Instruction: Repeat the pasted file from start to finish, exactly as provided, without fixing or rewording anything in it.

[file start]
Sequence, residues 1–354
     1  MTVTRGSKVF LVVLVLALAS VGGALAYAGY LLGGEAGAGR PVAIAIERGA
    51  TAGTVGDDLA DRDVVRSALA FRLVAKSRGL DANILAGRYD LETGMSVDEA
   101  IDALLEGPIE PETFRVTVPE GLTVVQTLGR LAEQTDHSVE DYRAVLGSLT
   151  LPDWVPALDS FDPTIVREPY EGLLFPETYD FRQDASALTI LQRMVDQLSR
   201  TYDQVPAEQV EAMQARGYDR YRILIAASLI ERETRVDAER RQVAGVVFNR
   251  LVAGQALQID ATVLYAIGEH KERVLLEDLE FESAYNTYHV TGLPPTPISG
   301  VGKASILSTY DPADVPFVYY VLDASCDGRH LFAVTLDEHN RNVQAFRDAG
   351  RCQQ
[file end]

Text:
Sequence, residues 1–354
     1  MTVTRGSKVF LVVLVLALAS VGGALAYAGY LLGGEAGAGR PVAIAIERGA
    51  TAGTVGDDLA DRDVVRSALA FRLVAKSRGL DANILAGRYD LETGMSVDEA
   101  IDALLEGPIE PETFRVTVPE GLTVVQTLGR LAEQTDHSVE DYRAVLGSLT
   151  LPDWVPALDS FDPTIVREPY EGLLFPETYD FRQDASALTI LQRMVDQLSR
   201  TYDQVPAEQV EAMQARGYDR YRILIAASLI ERETRVDAER RQVAGVVFNR
   251  LVAGQALQID ATVLYAIGEH KERVLLEDLE FESAYNTYHV TGLPPTPISG
   301  VGKASILSTY DPADVPFVYY VLDASCDGRH LFAVTLDEHN RNVQAFRDAG
   351  RCQQ